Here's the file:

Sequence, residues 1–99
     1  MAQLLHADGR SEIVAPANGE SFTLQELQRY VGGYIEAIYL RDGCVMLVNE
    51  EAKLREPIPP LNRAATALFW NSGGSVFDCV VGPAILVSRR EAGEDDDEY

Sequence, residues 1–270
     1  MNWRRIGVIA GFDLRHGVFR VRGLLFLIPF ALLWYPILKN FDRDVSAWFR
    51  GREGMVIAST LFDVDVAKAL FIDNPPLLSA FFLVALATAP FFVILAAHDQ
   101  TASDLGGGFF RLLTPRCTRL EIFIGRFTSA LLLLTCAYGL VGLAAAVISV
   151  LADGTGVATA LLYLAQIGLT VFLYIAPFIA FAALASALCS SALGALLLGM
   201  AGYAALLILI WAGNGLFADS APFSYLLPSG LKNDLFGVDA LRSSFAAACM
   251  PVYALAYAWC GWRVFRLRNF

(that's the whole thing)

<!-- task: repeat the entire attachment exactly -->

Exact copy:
Sequence, residues 1–99
     1  MAQLLHADGR SEIVAPANGE SFTLQELQRY VGGYIEAIYL RDGCVMLVNE
    51  EAKLREPIPP LNRAATALFW NSGGSVFDCV VGPAILVSRR EAGEDDDEY

Sequence, residues 1–270
     1  MNWRRIGVIA GFDLRHGVFR VRGLLFLIPF ALLWYPILKN FDRDVSAWFR
    51  GREGMVIAST LFDVDVAKAL FIDNPPLLSA FFLVALATAP FFVILAAHDQ
   101  TASDLGGGFF RLLTPRCTRL EIFIGRFTSA LLLLTCAYGL VGLAAAVISV
   151  LADGTGVATA LLYLAQIGLT VFLYIAPFIA FAALASALCS SALGALLLGM
   201  AGYAALLILI WAGNGLFADS APFSYLLPSG LKNDLFGVDA LRSSFAAACM
   251  PVYALAYAWC GWRVFRLRNF